The expression of the bHLH transcription factor Hand in the wing heart progenitors, which serves as a general marker for all classes of heart cells in Drosophila, prompted a to screen for the expression of genes known to be active in cardiac lineages. Analysis of Even-skipped (Eve) expression revealed that the embryonic wing heart progenitors arise through the same lineage as the well described Eve expressing pericardial cells (EPCs). At stage 10 in embryogenesis, 12 Eve clusters are present on either side of the embryo, located in parasegments (PS) 2 to 12. Each cluster gives rise to a pair of EPCs, except for the most posterior cluster in PS 14, which generates only one EPC. During subsequent development, the first and the second pair of EPCs, located in parasegment 2 and 3, turn toward the midline of the embryo to accompany the tip of the heart, which later bends ventrally into the embryo. The third and the fourth pair of EPCs in PS 4 and 5 are shifted anteriorly in relation to the heart. This step is not based on migration but on the remodeling of the embryo during head involution, since the cells remain in their PS close to the likewise Eve positive anlagen of the DA1 muscle. The EPCs in PS 4 and 5 subsequently differentiate into the later wing heart progenitors, while all others become the classical EPCs and accompany the heart in a loosely associated fashion. At least from PS 4 to 12, all pairs of Eve positive cells (wing heart progenitors and classical EPCs) are interconnected by cytoplasmic extensions forming a rope ladder-like strand above the heart after dorsal closure at stage 16/17. This mode of contact between the cells persists in the wing heart progenitors in postembryonic stages and might be essential for proper relocation in the prepupae (Tögel, 2008).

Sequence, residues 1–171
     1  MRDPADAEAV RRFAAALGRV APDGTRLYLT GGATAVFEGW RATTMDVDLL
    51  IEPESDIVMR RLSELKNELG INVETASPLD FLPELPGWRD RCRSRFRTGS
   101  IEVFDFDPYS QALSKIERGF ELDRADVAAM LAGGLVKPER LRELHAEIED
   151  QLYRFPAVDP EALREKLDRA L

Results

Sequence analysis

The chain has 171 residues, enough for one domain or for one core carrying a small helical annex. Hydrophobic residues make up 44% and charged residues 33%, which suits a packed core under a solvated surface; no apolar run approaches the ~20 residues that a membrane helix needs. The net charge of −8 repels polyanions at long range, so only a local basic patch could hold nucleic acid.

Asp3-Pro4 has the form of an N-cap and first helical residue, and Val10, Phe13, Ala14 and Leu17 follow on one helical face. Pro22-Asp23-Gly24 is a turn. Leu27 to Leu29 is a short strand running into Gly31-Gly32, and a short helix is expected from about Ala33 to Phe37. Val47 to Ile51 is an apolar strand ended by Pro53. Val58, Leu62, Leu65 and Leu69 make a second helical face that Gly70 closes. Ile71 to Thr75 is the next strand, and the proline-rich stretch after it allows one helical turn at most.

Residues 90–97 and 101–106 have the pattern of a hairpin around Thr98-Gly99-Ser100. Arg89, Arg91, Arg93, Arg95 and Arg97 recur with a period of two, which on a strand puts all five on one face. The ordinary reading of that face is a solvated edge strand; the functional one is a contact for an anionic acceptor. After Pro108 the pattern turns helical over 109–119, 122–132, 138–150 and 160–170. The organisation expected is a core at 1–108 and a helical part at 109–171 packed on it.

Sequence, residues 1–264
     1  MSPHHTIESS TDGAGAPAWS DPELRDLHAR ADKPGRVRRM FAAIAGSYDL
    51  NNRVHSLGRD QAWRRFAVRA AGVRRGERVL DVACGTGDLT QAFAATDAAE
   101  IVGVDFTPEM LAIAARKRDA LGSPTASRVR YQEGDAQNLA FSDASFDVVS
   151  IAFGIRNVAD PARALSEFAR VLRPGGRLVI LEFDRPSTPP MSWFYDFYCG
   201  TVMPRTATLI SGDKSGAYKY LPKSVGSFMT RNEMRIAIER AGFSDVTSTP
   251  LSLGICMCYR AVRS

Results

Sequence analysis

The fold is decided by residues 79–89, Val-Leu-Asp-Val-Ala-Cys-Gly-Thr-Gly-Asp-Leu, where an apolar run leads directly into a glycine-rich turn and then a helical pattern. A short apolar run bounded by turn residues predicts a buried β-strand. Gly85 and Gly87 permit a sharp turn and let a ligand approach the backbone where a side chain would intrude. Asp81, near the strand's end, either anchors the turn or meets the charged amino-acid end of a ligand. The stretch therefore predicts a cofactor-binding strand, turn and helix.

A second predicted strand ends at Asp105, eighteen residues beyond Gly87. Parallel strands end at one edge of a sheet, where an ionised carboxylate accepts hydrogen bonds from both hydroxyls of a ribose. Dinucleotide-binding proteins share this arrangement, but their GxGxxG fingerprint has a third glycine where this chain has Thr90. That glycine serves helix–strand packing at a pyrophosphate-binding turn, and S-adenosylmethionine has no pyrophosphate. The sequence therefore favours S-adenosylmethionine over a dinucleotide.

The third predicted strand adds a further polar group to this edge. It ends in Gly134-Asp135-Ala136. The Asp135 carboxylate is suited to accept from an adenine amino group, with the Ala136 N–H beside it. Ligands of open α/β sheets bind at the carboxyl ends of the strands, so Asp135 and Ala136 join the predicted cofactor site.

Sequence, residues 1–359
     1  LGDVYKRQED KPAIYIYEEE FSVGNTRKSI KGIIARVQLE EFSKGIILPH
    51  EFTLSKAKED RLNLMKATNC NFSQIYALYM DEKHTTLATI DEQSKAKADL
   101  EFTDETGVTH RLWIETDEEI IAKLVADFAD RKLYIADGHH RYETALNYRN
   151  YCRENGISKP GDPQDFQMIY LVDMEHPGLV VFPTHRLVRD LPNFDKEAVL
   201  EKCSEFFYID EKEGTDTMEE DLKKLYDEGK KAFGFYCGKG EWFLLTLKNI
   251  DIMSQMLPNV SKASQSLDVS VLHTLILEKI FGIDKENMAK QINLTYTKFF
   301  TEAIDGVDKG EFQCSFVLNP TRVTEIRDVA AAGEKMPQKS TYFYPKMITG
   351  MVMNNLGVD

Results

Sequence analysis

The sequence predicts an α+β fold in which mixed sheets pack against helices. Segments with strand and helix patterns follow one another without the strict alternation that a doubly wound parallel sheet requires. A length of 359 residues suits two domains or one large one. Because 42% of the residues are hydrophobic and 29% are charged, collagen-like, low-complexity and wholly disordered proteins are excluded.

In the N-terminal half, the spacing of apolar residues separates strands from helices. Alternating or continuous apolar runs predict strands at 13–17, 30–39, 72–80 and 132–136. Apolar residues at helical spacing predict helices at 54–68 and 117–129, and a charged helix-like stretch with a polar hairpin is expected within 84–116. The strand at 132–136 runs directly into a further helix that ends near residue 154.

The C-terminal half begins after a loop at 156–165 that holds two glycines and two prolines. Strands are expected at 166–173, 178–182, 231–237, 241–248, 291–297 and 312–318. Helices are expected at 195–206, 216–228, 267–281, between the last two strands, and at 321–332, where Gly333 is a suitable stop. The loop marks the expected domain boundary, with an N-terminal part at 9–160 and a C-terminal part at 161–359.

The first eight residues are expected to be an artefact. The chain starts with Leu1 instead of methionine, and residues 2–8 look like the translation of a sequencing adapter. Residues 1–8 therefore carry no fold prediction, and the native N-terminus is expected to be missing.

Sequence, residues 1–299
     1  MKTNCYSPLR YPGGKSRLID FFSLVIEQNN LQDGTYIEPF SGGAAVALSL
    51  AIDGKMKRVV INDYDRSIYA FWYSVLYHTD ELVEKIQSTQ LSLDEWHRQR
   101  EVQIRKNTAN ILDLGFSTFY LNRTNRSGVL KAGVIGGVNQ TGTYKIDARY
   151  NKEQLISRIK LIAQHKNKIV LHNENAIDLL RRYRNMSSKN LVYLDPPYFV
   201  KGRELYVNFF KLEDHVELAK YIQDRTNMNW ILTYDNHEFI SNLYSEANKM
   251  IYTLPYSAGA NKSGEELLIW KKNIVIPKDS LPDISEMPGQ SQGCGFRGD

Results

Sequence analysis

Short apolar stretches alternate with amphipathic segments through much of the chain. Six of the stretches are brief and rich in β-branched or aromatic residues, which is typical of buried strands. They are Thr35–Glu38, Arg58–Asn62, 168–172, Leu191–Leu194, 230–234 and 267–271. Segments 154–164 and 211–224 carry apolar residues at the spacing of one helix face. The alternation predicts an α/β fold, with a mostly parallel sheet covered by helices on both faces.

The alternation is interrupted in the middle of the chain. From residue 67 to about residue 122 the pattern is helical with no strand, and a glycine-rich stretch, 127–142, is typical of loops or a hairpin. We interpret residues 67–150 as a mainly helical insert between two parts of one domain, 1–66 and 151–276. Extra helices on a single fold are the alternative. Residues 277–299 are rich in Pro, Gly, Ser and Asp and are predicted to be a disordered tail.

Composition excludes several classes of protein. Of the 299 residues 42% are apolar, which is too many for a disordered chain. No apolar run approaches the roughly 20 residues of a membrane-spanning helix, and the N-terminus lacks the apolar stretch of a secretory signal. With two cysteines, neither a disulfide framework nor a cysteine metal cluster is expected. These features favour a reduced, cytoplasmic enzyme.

Although the Drosophila wing hearts have been known for many years, their origin and development have remained unknown. This study provides the first developmental approach on these organs using in vivo time lapse imaging as well as genetic and immunohistochemical methods. It was found that the wing hearts develop from embryonic anlagen that consist of eight progenitor cells located anterior to the heart. Analysis of gene expression in these progenitors confirmed the hypothesis that the wing hearts originate from the cardiac mesoderm, but not from the contractile cardioblast lineage, as has been suggested based on anatomical data. Surprisingly, the embryonic anlagen derive from a particular subset of the well-known EPCs. EPCs arise in pairs in PS 2 to 12 from the dorsal progenitor P2, which divides asymmetrically into the founder of the dorsal oblique muscle 2 and the founder of the EPCs in a numb-dependent lineage decision. Additionally, a single EPC arises in PS 14. The subsequent differentiation of the founders into EPCs requires the activity of the transcription factors Zfh1 and Eve. This study shows that the EPCs located in PS 4 and 5 are relocated in relation to the heart during head involution at stage 14/15 of embryogenesis and subsequently differentiate into the wing heart progenitors. Until this step, no difference to the EPCs in the anterior and posterior PS could be detected. Like the classical EPCs, which remain close to the heart, the EPCs that give rise to the wing heart progenitors depend on factors involved in asymmetric cell division, e.g. Insc or Numb, and fail to differentiate in embryos mutant for zfh1 as well as in animals lacking mesodermal Eve. Loss of tinman expression is the only event that could be identified that discriminates between a classical EPC fate and the specification of wing heart progenitors. Consistently, ectopic expression of Tinman in the wing heart progenitors effectively represses their specification, probably by committing them to a classical EPC fate, indicating that Tinman plays a crucial role in the involved regulatory pathway (Tögel, 2008).